6. c) Home based Internet services can be established using analog modems, IDSN, cable modems, ADSL and hi-speed wireless links. Compare their advantages and disadvantages 
1. d) Write any three features of intranet that differences it largely from Internet. 
Intranets have become increasingly popular in the corporate environment because they offer inexpensive, easy-to-use data access environments which are platform independent. They are defined as company-internal networks using Internet communications hardware and software and restricting communication with the Internet. Internet content is largely static, designed to please, and is not sensitive, intranet content can be sensitive or even confidential, is more dynamic, and focuses on productivity and information exchange. Comparing information delivery, network performance (bandwidth), GUI components, platform inadequacies, and interactivity further set intranets apart from the Internet. A centrally formulated corporate information policy constitutes an advantage over the Internet's unregulated structure and allows for more rapid development of networking tools. The major difference between the Internet and previous networks is that it is not owned or operated by anyone. In this sense it is an 'open' network. The Internet is huge
2. b) Explain the difference of functioning between Bridges and Routers.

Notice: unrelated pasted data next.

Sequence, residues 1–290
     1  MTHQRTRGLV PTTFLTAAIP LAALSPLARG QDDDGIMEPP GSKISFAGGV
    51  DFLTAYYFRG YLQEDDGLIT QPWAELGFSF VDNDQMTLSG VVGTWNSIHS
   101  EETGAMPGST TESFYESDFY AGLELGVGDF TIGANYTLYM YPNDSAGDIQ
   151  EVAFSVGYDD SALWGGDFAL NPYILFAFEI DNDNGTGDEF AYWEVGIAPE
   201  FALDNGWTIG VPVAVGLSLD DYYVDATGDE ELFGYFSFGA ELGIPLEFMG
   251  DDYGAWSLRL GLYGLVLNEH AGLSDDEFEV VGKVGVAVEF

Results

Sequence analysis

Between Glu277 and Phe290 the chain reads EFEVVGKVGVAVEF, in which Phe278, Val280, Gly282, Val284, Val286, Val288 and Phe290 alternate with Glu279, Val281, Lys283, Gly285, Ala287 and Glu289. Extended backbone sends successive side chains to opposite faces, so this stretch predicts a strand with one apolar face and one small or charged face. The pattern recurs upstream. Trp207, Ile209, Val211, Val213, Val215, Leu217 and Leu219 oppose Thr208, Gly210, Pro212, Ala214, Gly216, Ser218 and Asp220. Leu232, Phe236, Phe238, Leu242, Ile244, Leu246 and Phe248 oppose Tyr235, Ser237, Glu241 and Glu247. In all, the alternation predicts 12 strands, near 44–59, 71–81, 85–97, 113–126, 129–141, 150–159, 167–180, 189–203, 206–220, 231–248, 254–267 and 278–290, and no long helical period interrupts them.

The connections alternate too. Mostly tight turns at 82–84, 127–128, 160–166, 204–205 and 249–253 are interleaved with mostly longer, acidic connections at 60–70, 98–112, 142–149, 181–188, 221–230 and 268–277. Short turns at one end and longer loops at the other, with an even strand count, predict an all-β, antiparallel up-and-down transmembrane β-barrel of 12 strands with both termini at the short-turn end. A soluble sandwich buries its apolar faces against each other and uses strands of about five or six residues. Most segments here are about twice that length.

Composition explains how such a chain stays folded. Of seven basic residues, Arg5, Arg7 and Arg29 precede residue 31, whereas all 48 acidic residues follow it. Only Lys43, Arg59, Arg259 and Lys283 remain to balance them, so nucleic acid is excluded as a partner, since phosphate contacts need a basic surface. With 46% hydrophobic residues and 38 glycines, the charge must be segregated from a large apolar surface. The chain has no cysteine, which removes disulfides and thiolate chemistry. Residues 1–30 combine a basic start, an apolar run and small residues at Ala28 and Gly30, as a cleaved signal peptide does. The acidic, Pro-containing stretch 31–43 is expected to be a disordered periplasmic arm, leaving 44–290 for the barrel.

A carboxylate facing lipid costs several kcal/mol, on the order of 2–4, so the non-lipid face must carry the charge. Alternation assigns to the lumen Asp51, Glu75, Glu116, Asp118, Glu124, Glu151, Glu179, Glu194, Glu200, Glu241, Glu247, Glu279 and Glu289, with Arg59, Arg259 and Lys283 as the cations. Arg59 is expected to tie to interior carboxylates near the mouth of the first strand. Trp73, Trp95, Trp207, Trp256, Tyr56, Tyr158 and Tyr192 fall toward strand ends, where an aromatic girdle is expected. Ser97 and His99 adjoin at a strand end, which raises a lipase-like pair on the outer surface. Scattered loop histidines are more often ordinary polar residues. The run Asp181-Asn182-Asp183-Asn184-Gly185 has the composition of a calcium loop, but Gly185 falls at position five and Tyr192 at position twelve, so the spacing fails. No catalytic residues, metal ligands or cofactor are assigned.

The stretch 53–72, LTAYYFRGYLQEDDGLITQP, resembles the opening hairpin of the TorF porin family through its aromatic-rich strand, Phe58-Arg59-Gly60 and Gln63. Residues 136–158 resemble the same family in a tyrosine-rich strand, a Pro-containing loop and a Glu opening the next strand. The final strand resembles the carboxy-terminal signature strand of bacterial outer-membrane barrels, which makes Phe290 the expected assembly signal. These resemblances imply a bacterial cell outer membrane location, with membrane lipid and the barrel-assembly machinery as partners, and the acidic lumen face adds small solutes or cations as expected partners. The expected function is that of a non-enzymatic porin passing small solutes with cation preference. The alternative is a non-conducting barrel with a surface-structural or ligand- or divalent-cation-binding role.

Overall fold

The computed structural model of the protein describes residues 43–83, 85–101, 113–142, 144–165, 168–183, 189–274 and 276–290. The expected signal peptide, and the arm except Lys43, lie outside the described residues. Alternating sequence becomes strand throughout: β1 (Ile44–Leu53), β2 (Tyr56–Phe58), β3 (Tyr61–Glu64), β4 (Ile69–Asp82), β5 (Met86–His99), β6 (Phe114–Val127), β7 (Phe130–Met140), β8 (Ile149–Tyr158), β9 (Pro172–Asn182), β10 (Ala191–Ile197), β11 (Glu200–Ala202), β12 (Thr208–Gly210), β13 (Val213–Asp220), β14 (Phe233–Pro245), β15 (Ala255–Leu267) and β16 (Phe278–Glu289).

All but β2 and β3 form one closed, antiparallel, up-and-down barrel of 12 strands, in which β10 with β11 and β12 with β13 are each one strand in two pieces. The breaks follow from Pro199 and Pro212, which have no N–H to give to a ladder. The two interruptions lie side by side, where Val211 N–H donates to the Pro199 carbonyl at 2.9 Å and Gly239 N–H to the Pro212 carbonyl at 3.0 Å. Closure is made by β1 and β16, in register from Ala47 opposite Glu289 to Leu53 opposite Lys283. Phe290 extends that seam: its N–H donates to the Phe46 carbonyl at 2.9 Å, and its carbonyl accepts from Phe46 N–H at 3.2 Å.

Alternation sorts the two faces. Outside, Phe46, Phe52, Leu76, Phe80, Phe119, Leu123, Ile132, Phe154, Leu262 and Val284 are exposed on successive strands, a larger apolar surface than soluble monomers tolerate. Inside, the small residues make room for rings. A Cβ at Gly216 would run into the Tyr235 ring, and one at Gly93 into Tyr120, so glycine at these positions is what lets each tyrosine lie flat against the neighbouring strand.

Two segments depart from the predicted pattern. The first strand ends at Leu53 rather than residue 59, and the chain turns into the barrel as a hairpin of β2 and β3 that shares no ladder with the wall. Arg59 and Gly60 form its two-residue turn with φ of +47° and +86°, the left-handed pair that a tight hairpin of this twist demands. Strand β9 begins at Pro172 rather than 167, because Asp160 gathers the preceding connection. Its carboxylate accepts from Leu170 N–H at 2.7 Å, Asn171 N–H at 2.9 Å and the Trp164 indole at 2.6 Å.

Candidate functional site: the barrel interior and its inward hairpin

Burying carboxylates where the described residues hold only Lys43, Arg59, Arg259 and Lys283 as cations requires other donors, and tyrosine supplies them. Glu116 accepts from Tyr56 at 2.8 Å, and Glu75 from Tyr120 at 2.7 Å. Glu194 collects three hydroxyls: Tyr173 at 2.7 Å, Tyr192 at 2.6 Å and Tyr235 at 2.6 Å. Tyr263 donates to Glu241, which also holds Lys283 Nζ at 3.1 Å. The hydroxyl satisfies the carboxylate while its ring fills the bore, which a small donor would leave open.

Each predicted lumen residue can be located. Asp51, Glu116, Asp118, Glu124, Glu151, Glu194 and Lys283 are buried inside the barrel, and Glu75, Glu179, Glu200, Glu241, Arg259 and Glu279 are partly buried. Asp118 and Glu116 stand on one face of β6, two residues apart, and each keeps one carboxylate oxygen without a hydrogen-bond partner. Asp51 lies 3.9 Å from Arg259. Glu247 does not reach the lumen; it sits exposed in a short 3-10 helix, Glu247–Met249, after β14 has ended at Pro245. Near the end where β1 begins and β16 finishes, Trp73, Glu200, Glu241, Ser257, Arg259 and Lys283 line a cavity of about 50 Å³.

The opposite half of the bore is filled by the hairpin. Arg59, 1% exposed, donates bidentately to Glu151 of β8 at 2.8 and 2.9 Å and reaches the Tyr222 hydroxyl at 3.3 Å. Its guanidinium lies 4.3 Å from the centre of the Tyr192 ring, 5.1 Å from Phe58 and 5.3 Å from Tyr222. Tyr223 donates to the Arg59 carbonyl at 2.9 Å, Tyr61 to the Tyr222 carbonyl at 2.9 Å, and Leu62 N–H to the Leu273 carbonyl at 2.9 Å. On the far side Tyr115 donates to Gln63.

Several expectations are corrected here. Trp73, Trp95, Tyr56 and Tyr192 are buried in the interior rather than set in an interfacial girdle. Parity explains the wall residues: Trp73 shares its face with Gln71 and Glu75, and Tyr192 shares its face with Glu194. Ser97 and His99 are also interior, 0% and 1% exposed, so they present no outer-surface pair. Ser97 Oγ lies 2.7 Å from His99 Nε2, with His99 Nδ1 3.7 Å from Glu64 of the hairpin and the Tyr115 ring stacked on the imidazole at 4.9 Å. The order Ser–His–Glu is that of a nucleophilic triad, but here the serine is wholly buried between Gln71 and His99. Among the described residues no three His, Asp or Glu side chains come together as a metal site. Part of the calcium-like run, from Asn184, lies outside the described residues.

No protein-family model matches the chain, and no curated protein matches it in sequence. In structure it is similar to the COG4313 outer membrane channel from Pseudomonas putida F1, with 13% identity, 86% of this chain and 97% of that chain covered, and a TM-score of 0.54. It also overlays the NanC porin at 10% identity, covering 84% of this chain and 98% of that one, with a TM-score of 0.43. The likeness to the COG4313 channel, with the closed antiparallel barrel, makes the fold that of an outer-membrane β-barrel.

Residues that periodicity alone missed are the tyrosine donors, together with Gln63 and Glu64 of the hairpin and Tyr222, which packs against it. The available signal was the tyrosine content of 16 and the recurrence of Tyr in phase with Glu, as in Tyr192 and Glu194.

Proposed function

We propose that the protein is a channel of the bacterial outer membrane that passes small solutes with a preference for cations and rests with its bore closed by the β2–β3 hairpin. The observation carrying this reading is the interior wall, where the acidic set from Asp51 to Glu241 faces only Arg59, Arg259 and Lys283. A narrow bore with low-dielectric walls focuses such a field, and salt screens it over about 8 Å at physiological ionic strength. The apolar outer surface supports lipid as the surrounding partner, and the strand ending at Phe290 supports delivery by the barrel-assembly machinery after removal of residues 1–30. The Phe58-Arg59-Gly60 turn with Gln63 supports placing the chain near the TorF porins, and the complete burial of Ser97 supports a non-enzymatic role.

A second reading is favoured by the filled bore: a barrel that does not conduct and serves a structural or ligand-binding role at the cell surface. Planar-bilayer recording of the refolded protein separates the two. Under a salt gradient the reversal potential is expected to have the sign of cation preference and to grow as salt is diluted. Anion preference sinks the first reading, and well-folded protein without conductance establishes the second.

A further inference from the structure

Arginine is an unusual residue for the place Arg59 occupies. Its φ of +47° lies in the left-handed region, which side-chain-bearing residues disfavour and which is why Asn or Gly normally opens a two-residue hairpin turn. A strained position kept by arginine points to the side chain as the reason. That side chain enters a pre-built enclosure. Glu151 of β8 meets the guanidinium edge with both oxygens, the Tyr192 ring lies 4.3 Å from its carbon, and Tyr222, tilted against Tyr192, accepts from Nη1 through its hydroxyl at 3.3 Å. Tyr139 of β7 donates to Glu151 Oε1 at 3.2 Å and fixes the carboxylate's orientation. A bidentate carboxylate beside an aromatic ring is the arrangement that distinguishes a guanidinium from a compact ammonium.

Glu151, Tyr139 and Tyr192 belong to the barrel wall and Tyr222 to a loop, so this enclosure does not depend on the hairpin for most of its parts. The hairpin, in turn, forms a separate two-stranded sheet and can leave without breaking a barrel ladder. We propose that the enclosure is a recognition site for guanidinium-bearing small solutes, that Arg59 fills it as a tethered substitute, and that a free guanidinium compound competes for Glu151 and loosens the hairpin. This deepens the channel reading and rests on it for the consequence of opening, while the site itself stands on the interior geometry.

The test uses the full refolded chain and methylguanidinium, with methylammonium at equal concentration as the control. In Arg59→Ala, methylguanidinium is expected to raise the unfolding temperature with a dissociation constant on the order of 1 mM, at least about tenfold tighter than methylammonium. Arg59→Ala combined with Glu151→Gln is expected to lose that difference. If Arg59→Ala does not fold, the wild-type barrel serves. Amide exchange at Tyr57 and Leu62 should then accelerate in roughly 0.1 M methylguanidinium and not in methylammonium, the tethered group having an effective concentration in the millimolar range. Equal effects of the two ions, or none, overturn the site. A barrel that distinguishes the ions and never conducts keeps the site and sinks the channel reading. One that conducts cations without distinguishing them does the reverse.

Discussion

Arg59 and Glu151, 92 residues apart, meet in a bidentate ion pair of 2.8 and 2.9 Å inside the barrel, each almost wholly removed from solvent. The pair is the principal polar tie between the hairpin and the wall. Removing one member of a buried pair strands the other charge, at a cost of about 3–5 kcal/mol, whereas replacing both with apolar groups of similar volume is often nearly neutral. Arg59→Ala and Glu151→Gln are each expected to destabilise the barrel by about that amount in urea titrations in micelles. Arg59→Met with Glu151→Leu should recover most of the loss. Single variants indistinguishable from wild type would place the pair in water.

A bridge is a device that connects and passes packets between two network segments that use the same communications protocol. Bridges operate at the data link layer (layer 2) of the OSI reference model. A bridge will filter, forward or flood an incoming frame based on the MAC address of that frame. A router is an intelligent connecting device that can send packets to the correct LAN segment to take them to their destination. Routers link LAN segments at the network layer of the OSI Reference Model for computer to computer communications. The networks connected by routers can use similar or different networking protocols. The most popular interior routing protocol is OSPF and the most popular exterior routing protocol is BGP.
A bridge does not look at protocols and a router does. Bridges need to examine every packet whereas routers only look at packets addressed to it. Since the time involved in scanning
every packet is enormous, bridges must make use of specially designed hardware. But as bridges attempt to look deeper into each packet to perform such functions as security and access controls, their throughput will drop. As routers use faster technology (i.e. 68020) and special purpose hardware, their throughput should rise.
c) Write a short note on baseband technology and broadband technology, with a special reference to advantages and the latest status of broadband in India. 
A baseband transmission sends one type of signal using a medium's full bandwidth, as in 100BASE-T Ethernet. Broadband in data communications refers to data transmission where multiple pieces of data are sent simultaneously to increase the effective rate of transmission, regardless of actual data rate. In network engineering this term is used for methods where two or more signals share a medium
• Rapid loading of web pages and e-mail (as much as 100 times faster)
• Equally fast downloading of files, programs, and computer updates
• More efficient use of time online -- no more waiting for pages to load
• ...and no more dropped telephone signals!
• No need to tie up a telephone line or support the cost of a second telephone line